23. Manufacture Of Fat Lime
• Calcinations (process of burning): Lime is manufactured by a process
of burning or calcinations of limestone in suitable types of kilns. The
term calcinations signifies
• “Heating the material at red heat in the presence of air till it decomposes”
Lime stone dissociates when heated at 880⁰ C into its principal
constituents; Calcium oxide and carbon dioxide, as per above reaction which
CaCO3 ( 880⁰ C) CaO + CO2
• It is essential that,
• all the carbon dioxide produced during the reaction is removed quickly
from the kiln:
• the dissociation temperature of reaction (880⁰ C ) is not allowed to come
down during the burning process.
25. Manufacture Of Fat Lime
• The Burning of Limestone is carried out either in clamps or in kilns.
• Clamps are temporary, make shift arrangements for burning in an
ordinary manner and at a much lower cost.
• Kilns are, however permanent structures build to carry out the
burning operations at a regular intervals or on continuous basis.
27. Manufacture Of Fat Lime – Clamp Burning
• It is a common method for obtaining small
supplies of quick lime.
• No permanent construction is needed. A Small part
of ground is cleared and fuel (wood) stacked in
alternate layers with fuel as lower layer.
• If coal is used as fuel, it is mixed with the
limestone instead of stacking in separate layers.
The whole heap is covered with mud plaster and
small holes are left for escape of carbon dioxide. Clamp Burning
28. Manufacture Of Fat Lime – Clamp Burning
• Clamp is ignited from the base and allowed to keep on burning for 2-3 days.
Burning is discontinued when blue flame disappears at the top and it is allowed to
cool for 2-3 days.
• It is then dismantled. Limestone gets disintegrated into small pieces of small
lumps of CaO or lime. Such lumps are separated from the ash by hand picking.
• Clamp burning is a quick and cheap method for obtaining ordinary type of
lime and not suitable for large supplies of fat lime of good quality because;
• Burning is neither uniform nor complete;
• Some stones may be over burnt and some may be under burnt resulting in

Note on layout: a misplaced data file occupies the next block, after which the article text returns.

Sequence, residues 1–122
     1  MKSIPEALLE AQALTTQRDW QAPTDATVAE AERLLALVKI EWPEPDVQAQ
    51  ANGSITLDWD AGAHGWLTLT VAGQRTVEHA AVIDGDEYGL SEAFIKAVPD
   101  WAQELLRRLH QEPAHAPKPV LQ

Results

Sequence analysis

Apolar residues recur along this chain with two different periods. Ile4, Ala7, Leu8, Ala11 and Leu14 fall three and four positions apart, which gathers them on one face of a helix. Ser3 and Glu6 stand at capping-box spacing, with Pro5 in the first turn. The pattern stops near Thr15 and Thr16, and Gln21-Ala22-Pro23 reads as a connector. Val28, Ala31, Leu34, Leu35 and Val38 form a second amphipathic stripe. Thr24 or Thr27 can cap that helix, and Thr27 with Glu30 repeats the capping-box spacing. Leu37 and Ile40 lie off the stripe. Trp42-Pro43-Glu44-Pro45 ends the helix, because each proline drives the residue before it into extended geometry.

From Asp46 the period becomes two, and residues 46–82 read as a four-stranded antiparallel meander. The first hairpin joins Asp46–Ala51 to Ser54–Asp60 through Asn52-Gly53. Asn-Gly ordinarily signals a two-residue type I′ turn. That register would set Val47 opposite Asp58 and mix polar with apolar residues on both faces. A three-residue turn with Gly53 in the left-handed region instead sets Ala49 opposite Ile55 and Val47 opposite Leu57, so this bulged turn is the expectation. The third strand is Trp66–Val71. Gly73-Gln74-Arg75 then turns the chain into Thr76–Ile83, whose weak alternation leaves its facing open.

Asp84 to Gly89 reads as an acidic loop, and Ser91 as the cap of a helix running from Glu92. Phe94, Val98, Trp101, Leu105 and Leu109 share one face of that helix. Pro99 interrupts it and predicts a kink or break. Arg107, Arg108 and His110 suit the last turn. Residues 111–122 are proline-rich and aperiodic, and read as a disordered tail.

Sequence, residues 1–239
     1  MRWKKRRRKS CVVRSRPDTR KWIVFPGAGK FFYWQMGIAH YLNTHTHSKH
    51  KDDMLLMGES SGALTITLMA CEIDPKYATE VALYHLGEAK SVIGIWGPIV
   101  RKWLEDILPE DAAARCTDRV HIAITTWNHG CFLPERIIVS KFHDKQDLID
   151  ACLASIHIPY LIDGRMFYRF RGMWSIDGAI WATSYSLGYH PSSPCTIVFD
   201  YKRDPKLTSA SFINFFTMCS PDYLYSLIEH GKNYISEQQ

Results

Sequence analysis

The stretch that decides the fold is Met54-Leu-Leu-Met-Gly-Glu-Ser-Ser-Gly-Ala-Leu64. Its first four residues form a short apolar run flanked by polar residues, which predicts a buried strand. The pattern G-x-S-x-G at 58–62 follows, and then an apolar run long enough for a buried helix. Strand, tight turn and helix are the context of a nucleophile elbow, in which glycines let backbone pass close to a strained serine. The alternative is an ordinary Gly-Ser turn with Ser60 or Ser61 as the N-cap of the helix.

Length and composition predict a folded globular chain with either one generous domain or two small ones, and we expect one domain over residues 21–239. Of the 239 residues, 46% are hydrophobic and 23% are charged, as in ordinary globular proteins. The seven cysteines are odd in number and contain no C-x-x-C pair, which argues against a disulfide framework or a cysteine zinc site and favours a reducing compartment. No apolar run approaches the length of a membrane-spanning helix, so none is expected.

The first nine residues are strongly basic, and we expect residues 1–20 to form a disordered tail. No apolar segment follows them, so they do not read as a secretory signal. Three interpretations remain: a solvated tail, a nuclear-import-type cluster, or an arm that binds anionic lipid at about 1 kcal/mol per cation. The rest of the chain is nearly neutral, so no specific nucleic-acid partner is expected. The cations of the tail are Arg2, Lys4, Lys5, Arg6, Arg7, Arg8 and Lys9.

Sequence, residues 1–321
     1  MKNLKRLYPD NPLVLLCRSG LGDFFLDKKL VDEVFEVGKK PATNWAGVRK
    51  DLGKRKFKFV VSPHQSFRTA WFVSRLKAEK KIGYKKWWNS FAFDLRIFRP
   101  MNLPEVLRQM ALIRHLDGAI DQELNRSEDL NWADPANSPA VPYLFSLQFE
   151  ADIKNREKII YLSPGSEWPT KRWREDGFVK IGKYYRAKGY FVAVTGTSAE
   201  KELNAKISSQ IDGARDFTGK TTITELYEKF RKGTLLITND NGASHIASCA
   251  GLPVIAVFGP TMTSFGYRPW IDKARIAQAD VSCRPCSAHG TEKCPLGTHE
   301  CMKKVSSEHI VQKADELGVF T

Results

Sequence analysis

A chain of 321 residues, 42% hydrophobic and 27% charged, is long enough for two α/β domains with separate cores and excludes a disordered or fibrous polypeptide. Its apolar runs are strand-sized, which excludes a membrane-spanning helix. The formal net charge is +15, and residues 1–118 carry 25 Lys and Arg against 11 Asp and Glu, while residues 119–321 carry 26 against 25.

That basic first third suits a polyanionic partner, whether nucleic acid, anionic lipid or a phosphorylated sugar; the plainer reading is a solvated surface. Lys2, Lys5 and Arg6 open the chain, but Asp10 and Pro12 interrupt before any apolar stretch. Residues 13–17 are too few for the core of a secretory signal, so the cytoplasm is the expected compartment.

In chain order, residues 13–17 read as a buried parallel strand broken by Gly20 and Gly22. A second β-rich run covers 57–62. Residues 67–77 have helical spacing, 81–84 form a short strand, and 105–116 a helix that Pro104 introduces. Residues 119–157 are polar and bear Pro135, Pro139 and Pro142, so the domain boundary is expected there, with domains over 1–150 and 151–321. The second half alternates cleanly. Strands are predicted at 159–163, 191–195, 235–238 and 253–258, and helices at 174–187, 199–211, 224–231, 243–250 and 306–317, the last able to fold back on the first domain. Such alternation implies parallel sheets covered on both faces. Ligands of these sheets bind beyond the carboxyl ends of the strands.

wastage of raw materials;
• There is considerable Wastage of heat generated by burning of fuel. Some of
it escapes from frequent cracking of the plaster on getting heated. Thus this
method is not suitable method of producing fat lime on a commercial scale.
29. Manufacture Of Fat Lime – Kiln Burning
• Most of the Commercial lime is manufactured by burning limestone in
kilns, they are Permanent structures, kilns used for manufacturing lime
are of great variety and different designs.
• In principle, however they are either Batch type (intermittent) kiln /
Continuous kiln. In the first type of kiln however kilns have to be cooled
every time after burning a batch of limestone. The continuous type however
are kept in operation all the time unless they are required to be stopped for
repair. Further, a kiln may be of mixed type or separate type design.
• Mixed feed (flame type) kiln – fuel and limestone are in a mixed together
batch, burnt lime is obtained mixed with ash and has to be separated from it.
• Separate feed (flare type) kiln – fuel and limestone are not in contact with
each other, fuel is burnt separately, hot gases are allowed to heat limestone
and lime is free from ash.
30. Manufacture Of Fat Lime – Kiln Burning
(1) Batch type (intermittent) kiln: A typical
batch type of lime kiln consist of
Permanent brick-walled structure. Its shape
size and design may vary from place to
• Rectangular, Oval or Cylindrical shapes
• The Walls of kiln are generally lined with
refractory bricks to save them from
disintegration due to repeated heating at high
temperatures and cooling.
• The kiln is provided with Openings for
supply of air, permanent roof may or may
not be there in kiln.
• After loading, kiln is ignited at bottom, fire
travels upwards and takes 3-4 days for
limestone to burn. Thereafter the kiln is
allowed to cool by itself and then unloaded
and cleaned after which it is loaded with
fresh batch of limestone and fuel.
31. Manufacture Of Fat Lime – Kiln Burning
(2) Continuous kiln:
• The essential feature of a continuous lime kiln is that while It is charged regularly